It was old, no doubt. Some looked at it and saw holes and frayed sleeves, my wife included. She saw a rag, something to use while cleaning or, better yet, something to simply throw away. But I saw so much more. I saw comfort. I saw years of companionship (we’d been together since college). I saw an old friend. Yes, it was “just a shirt,” but we had been through a lot together. My wife saw an old, raggedy t-shirt that need thrown out and replaced. I saw a faithful companion to be respected and even cherished. Perhaps I saw too much (you be the judge). I don’t know. No matter. The fact remains, you’ve likely had a similar experience in your marriage—you saw one thing and your spouse saw another. Who’s right and who’s wrong? I don’t know. It’s a matter of opinion. You could get into a drag-down, all-out fight about it; but that only leads to frustration and distance in the relationship. Or, you can preserve the relationship by listening to your spouse and understanding their point of view.
Listen intently to understand the basis of their perspective. Strive to understand the validity of their belief. Dig deep to see the meaning it all holds for them. Their perspective may differ from your perspective because it rests on a foundation of different experiences and slightly different values. It may hold a meaning for your spouse that you had not considered…nor would you ever consider. It is no less true, but obviously different. When you listen, understand, and appreciate your spouse’s point of view, you validate them even as you “agree to disagree.” You draw closer together as a couple. You come to know your spouse better and gain greater intimacy with your spouse. All because you took time to realize that sometimes a “shirt is more than a shirt.”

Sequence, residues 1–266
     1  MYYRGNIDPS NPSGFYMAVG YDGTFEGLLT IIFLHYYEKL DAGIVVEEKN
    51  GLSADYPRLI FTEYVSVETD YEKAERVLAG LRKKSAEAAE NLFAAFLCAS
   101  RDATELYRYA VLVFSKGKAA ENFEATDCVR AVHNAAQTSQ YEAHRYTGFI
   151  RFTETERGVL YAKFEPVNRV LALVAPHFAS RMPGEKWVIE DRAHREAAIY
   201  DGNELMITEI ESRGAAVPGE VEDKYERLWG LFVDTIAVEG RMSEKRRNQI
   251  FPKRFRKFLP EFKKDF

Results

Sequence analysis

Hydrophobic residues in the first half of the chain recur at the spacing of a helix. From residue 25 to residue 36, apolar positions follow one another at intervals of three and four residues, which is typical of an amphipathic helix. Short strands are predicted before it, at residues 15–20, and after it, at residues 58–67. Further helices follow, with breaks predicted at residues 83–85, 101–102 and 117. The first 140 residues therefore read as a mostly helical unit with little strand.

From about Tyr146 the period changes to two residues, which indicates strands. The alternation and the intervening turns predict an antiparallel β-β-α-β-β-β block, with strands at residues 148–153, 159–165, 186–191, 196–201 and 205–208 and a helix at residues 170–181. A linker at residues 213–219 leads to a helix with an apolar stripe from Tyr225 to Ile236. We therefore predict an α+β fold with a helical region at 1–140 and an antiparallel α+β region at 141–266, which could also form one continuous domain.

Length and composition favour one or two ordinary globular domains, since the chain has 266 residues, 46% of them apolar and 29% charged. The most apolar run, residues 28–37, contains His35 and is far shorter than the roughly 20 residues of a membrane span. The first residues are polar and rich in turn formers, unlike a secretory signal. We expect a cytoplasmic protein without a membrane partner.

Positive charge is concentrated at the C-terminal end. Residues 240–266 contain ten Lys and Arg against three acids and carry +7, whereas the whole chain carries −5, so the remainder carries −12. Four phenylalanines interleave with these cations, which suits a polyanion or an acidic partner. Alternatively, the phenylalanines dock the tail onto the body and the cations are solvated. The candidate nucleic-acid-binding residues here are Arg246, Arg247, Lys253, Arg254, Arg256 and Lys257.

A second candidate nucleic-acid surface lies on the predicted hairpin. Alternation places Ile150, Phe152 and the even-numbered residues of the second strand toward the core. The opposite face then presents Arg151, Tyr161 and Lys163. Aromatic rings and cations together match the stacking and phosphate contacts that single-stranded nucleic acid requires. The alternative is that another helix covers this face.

Of course, I used a somewhat silly example (although I have had to defend a shirt or two during my marriage, have you?). However, the same holds true when it comes to more significant opinions like politics or childrearing practices, the perfect place for vacation or the perfect place to live. In such cases, the stakes are much higher than the stakes inherent in a disagreement over my comfortable and faithful shirt, but the response is similar. You need to listen intently and understand deeply in order to move toward an appreciation of your spouse’s point of view. Only when you understand so well that you can repeat their rationale back to them and they reply by saying, “Yes! Now you understand!” can you begin to find a compromise, a mutual agreement in which both spouses can find satisfaction.
By the way, I gave up my shirt…over time. My wife allowed me a “grieving period” and bought me a new shirt very similar to the old one. I could wear both, one around the house and the other in public until I was ready to let go of my “faithful friend…oh, the sorrow.” But she listened. She understood. I listened. I understood. We grew together…and I got a new shirt out of the deal!